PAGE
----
Blame it on long order-to-delivery times. Or on orders generated by one-size-does-not-fit-all computers.
There are scores of reasons dealers do not always have the car, truck or equipment customers want. But that does not mean they have to do without.
When dealers cannot turn to the factory, they turn to each another. 'Dealer trading' - when dealers swap vehicles among themselves - has developed as a partial solution to an inefficient distribution system. It is time-consuming, but it works.
Dan Bonawitz, vice president of automotive corporate planning and logistics at American Honda Motor Co. Inc., says the practice increased sharply after Asian and European makes began to play a significant role in the U.S. market.
'That was the only way to get a car when the lead time was four or five months,' he says.
Jim Delk, general manager of Falls Lincoln Mercury in Wichita Falls, Texas, says he trades regularly.
'You can't have every color and option in inventory,' Delk explains.
Randy Hiley, who owns five Saturn stores in Dallas-Fort Worth and a Mazda-Volkswagen dual in Arlington, Texas, says, 'We trade about 15 to 20 percent of VW and Mazda sales to get the exact equipment the customer wants. Saturn is more like 25 percent, but I mostly just trade within my own stores.'
Greg Stewart, owner of Town & Country Automotive Group (Chevrolet-Oldsmobile-Buick-Pontiac) in Minneapolis, Kan., says, 'We're turning to (dealer trades) all of the time.'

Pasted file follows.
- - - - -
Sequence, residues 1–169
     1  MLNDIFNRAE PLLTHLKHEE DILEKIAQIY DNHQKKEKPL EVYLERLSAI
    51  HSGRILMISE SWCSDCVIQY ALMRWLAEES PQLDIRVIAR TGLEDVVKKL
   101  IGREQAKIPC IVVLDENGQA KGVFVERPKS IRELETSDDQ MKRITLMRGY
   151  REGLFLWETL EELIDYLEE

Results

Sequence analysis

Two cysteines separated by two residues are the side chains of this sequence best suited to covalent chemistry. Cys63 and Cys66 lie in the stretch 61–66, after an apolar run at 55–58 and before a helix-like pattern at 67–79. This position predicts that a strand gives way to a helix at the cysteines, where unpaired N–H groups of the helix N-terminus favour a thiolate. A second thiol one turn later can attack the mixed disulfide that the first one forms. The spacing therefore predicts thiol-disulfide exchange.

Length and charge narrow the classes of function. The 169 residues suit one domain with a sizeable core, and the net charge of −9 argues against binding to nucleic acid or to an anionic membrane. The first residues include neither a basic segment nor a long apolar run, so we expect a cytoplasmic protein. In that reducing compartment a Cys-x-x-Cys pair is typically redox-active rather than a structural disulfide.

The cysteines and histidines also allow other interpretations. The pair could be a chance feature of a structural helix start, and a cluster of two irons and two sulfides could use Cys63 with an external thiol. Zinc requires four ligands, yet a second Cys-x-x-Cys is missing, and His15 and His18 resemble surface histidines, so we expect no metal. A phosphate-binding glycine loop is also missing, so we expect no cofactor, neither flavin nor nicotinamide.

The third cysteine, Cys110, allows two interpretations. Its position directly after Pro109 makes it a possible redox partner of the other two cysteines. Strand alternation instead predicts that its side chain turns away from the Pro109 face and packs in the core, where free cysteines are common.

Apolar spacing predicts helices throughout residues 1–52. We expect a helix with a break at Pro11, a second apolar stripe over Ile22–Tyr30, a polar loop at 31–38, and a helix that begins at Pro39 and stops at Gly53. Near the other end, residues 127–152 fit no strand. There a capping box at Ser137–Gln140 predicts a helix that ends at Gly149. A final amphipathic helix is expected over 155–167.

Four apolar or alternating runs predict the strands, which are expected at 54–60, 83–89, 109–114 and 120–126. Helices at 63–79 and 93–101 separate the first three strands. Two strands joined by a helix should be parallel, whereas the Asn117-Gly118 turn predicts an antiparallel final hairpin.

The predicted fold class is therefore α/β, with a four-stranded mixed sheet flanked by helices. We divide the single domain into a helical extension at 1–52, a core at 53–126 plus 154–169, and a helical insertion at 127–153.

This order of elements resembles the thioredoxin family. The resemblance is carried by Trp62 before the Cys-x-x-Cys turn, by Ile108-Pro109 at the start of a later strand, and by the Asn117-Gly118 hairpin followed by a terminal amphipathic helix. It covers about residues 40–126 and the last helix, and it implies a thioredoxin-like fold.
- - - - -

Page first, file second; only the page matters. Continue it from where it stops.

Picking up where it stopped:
On the other hand, Stewart says he believes dealers soon will become more hesitant to trade because trading away a vehicle could disrupt a dealer's turn-and-earn allocation. For small dealers who only get small numbers of each model, trading away a vehicle could hurt them a month down the road.
Most manufacturers do not mind dealers trading vehicles among themselves. In fact, many companies' vehicle ordering systems not only let dealers see their own vehicle allocation, but also the allocations of nearby dealers. That allows dealers to arrange trades among themselves even before the vehicles arrive at dealerships.
Don Gordon, owner of Gordon Nissan in Burlington, Wash., a rural community about 75 miles north of Seattle, says Nissan's system lets him see his allocation and the allocations of nearby dealers for the next three months.
If another dealer is getting a vehicle Gordon needs, he can call that dealer and attempt a trade. If the other dealer agrees, Nissan will send the other dealer's previously allocated vehicle to Gordon and one of Gordon's previously allocated vehicles to the trading dealer.
Gordon says he checks the system two or three times a week to see what has been ordered and the status of the orders.